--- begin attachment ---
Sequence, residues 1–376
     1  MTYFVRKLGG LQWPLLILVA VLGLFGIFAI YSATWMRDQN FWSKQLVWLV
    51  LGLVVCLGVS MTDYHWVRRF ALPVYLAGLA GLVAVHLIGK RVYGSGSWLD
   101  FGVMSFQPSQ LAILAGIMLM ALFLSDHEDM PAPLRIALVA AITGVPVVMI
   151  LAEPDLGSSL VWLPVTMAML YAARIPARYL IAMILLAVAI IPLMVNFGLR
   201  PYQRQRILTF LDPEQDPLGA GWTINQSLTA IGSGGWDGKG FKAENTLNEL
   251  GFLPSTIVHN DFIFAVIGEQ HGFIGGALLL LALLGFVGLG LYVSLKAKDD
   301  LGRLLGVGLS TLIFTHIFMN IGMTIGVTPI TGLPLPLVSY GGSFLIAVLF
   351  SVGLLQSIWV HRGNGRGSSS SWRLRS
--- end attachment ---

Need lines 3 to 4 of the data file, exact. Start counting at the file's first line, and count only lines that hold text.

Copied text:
    51  LGLVVCLGVS MTDYHWVRRF ALPVYLAGLA GLVAVHLIGK RVYGSGSWLD
   101  FGVMSFQPSQ LAILAGIMLM ALFLSDHEDM PAPLRIALVA AITGVPVVMI